Church takes Christmas to an Appalachian town

December 22, 1993|By Angela Winter Ney | Angela Winter Ney,Staff writer

Thanks to a Maryland church, 98 families in an impoverished Appalachian town will open presents this Christmas.

Members of the Heritage Church of God in Severn packed an 18-wheeler truck with Christmas presents last week for 295 residents of Wilcoe, W.Va., a small coal-mining town in the mountains.

More than 40 church members drove eight hours over the weekend to deliver food, clothing and the money with which to buy each family a turkey. They also took furniture for a family whose home burned several weeks ago.

Tammie Gaskins, a 15-year-old in the church, traveled with her family to share Christmas with two young girls in Wilcoe.

The teen-ager took nearly $200 worth of gifts she and a friend had purchased for two sisters they met last summer.

"My friend Angela Benner and I 'adopted' these two sisters whose family we met last summer when we worked in their home," says Tammie.

"They're both 7; they're 11 months apart. I baby-sat and cleaned house [to buy the presents], and Angela raked leaves."

Tammie and Angela bought the girls Christmas stockings filled with goodies, hand-painted Christmas shirts and black velvet dresses with white lace colors, along with tights and hair ornaments to match.

"We had a ball," says Tammie. "We've been looking forward to it for a month."

The Heritage congregation decided several years ago to direct its "mission" efforts at needy areas in the United States, rather than sending money overseas, says Larry Lindsay, a church member who helped organize the trip.

"If you could see how appreciative these people are, you'd understand why we go," he says.

"When we unloaded the truck, women were crying because we'd sent sanitary napkins to them. They value anything they can't buy through food stamps, because they just don't have cash. One little boy was excited over a pair of jeans. You don't think of young boys caring about pants."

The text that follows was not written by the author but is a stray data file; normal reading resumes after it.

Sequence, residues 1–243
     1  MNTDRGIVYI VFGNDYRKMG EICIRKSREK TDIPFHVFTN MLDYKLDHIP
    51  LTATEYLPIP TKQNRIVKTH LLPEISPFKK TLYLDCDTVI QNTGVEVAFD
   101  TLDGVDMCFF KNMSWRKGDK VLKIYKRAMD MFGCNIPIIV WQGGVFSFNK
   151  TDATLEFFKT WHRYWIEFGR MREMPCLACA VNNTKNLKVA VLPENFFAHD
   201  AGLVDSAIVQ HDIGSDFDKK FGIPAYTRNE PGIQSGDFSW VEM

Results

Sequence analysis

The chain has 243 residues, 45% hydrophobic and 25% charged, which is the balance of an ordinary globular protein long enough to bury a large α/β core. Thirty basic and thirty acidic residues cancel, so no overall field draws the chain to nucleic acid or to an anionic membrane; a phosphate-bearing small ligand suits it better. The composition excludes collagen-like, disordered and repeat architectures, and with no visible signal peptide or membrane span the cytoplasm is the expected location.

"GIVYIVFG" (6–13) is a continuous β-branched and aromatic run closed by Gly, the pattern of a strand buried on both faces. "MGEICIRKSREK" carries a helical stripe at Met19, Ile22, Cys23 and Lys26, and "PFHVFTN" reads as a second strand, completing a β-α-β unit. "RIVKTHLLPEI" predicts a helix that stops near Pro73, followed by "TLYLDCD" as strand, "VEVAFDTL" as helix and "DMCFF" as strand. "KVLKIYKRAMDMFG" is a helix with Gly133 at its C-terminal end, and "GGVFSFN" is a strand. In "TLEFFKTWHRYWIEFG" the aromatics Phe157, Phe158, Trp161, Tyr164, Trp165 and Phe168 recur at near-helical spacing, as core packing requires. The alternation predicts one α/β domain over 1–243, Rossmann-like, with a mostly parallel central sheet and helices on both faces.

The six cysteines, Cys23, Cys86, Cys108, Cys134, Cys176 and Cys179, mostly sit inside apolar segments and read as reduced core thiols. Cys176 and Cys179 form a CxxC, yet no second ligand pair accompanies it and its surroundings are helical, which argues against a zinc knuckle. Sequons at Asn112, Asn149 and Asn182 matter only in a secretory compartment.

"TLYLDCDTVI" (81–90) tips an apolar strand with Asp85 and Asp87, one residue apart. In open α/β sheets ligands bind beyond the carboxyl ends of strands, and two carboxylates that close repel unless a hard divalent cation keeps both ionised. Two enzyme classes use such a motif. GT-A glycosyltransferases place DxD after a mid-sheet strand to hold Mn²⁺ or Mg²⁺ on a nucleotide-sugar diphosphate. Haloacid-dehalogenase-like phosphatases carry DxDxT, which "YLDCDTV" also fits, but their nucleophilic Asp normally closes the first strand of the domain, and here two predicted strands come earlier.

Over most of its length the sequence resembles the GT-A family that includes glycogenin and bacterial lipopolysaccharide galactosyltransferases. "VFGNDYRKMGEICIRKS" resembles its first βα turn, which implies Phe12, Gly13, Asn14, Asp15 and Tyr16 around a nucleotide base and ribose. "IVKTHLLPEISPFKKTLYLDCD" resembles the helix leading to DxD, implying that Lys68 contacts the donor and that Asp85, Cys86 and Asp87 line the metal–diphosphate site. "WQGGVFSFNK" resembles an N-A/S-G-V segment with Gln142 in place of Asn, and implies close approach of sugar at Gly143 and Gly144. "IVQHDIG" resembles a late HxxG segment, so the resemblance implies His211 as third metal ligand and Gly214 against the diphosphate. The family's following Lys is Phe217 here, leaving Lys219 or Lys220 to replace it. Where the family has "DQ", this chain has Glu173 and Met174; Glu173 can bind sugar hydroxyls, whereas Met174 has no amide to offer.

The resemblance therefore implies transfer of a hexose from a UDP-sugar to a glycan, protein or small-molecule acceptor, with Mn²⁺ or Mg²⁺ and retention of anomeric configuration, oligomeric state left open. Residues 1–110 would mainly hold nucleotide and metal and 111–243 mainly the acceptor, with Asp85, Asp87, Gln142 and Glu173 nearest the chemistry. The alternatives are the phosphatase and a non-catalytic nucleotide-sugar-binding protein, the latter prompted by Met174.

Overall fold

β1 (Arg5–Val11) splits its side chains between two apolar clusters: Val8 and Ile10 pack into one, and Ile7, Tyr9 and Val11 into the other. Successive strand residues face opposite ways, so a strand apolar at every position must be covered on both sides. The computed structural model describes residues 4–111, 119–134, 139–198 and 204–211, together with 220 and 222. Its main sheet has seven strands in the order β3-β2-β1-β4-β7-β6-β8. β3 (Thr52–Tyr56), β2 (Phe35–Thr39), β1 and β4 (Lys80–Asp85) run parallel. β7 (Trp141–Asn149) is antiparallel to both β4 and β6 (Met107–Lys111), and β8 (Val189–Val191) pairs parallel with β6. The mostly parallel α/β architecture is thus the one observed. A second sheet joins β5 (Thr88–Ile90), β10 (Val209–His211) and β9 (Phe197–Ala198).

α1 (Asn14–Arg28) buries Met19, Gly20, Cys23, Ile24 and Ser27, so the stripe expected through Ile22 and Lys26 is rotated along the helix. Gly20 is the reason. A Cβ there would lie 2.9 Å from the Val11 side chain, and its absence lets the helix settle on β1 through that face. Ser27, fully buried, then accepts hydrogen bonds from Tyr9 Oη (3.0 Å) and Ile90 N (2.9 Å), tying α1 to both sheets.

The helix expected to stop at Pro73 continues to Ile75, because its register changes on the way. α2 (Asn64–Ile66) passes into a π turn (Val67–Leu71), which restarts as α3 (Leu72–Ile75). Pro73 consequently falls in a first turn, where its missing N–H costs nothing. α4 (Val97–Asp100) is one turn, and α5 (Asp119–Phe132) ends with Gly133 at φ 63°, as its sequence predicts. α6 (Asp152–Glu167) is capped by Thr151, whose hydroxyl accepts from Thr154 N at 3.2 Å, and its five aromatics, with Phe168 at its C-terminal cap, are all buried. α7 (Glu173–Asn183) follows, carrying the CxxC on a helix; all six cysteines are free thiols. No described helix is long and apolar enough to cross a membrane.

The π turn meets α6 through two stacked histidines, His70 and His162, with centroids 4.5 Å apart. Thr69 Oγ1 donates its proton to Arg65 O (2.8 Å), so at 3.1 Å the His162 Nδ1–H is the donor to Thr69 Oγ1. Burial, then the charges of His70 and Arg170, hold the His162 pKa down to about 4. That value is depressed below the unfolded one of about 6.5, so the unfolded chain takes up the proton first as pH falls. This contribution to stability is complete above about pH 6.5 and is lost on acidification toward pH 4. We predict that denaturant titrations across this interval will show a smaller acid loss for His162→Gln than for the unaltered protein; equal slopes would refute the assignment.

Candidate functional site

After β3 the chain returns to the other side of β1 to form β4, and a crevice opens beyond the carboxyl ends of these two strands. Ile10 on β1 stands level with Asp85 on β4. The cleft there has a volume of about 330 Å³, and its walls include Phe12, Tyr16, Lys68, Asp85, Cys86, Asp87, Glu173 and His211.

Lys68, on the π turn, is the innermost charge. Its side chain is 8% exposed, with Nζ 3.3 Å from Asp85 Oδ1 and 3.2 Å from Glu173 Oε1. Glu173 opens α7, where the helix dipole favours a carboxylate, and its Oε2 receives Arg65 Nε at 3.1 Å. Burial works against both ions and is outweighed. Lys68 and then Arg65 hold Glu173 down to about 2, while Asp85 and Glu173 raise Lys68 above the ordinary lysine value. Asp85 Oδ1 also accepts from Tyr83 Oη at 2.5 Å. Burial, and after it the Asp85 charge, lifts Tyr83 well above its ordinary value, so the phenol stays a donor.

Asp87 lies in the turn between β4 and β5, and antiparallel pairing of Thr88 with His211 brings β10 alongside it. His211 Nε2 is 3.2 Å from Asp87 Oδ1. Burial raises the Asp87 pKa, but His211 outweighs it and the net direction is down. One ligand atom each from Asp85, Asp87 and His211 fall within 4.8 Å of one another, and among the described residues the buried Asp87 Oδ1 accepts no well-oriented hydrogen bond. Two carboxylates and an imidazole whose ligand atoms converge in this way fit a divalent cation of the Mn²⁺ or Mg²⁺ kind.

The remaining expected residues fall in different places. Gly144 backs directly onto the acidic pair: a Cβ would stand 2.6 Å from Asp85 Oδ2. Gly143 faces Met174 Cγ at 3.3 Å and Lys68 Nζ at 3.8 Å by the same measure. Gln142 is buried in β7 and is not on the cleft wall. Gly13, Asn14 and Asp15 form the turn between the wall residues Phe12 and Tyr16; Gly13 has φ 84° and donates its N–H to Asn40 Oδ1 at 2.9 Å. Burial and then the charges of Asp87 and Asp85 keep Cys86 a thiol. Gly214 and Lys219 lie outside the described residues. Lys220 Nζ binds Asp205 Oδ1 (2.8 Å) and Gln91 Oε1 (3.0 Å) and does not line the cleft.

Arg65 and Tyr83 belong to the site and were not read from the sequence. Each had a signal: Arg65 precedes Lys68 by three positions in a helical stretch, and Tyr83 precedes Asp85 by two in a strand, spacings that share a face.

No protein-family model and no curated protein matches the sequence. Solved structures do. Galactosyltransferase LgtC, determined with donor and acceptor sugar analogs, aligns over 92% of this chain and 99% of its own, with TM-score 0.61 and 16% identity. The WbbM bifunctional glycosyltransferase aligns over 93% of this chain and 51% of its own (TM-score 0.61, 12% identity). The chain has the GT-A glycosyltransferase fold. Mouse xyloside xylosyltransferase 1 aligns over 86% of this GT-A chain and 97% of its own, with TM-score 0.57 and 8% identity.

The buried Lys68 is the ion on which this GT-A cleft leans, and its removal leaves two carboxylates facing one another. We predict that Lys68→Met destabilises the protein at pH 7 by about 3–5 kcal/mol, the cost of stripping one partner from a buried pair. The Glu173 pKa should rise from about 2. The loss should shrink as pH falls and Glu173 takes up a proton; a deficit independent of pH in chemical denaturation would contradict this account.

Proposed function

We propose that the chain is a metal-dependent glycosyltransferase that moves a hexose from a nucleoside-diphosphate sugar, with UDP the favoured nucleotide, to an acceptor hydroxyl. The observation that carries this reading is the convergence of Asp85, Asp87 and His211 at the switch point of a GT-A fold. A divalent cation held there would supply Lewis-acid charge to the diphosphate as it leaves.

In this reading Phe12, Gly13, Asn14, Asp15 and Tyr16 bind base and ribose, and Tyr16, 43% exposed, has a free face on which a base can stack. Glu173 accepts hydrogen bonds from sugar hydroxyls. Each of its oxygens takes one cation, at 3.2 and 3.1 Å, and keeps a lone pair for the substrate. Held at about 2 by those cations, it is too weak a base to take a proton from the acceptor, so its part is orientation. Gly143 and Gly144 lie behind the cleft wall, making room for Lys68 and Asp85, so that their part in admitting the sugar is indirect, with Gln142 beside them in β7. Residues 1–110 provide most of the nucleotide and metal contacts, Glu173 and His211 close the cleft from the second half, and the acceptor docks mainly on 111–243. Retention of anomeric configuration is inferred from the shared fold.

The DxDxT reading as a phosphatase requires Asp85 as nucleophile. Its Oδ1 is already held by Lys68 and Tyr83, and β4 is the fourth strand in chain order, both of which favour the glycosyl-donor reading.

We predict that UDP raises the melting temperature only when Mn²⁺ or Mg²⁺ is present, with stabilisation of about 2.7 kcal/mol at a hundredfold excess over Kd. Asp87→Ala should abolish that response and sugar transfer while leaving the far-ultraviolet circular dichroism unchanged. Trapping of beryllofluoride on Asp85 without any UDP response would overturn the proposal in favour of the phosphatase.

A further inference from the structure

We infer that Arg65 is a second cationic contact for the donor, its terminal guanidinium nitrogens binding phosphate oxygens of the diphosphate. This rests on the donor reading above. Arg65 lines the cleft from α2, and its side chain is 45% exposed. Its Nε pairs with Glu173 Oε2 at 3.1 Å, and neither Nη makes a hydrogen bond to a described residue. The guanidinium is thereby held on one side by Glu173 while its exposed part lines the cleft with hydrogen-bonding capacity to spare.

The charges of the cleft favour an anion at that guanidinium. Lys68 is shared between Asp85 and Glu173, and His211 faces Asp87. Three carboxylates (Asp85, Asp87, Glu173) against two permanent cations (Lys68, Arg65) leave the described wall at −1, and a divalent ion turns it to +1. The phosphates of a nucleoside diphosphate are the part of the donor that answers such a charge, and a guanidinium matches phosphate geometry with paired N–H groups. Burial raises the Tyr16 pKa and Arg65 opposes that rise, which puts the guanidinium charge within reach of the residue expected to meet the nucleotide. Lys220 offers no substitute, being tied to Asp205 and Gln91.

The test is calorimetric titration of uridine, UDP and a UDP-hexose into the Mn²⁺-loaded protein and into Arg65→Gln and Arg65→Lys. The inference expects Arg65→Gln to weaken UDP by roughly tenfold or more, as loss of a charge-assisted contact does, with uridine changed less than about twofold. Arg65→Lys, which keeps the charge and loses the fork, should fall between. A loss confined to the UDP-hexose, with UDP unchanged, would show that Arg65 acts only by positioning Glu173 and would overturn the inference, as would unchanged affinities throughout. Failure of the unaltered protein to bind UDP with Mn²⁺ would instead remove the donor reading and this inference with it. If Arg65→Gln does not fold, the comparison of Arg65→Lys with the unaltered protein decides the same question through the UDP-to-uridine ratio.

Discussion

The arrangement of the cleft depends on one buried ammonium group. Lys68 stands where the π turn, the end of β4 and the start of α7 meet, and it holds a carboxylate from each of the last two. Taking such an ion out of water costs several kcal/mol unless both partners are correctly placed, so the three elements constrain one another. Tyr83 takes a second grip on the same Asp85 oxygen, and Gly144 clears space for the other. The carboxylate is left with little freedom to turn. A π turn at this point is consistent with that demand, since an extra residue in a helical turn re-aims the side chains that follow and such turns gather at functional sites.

Relationship is year around

Heritage church "adopted" the depressed town three years ago, and members have visited at least twice a year since.

In August, church members remodeled homes, putting on new roofs, rain gutters and shingles. They cleaned houses and built a handicapped ramp for the Wilcoe Church of God.

"You can't imagine living like some of these people," says Mr. Lindsay.

Some Wilcoe homes have no indoor plumbing and rely on bathtubs that must be filled with water carried in from outside pumps, church members say.

Many in Wilcoe -- a suburb of Gary -- lost their jobs when U.S. Steel closed one of the area's largest mining plants about 10 years ago, says Ava Triplett, the church clerk of the Wilcoe

Church of God.

Mrs. Triplett said her husband found work in another mine, but many of the community's working class had to leave when U.S. Steel pulled out.

"We have a great deal of older people, retired," she says, "and a lot of people on public assistance."

Five churches within 14 miles of Wilcoe area joined to collect the names of the area's neediest residents, then passed the information on to Heritage.

Members of the Maryland church could either adopt a family or simply buy gifts from the lists.

Recipients of the Christmas gifts did not have to belong to a particular church.

Sunday, the Heritage team held a service and a Christmas party in Wilcoe to distribute the gifts.

Tears of joy

"We have seen children that may not have had a Christmas otherwise. I cried when one child came in and saw the church full of gifts," says Mrs. Triplett.

"She threw out her arms and said, 'Oh look! Are those for me?' It was clearly the biggest thing that ever happened in her life. She held on to her package of gifts and wouldn't let go."

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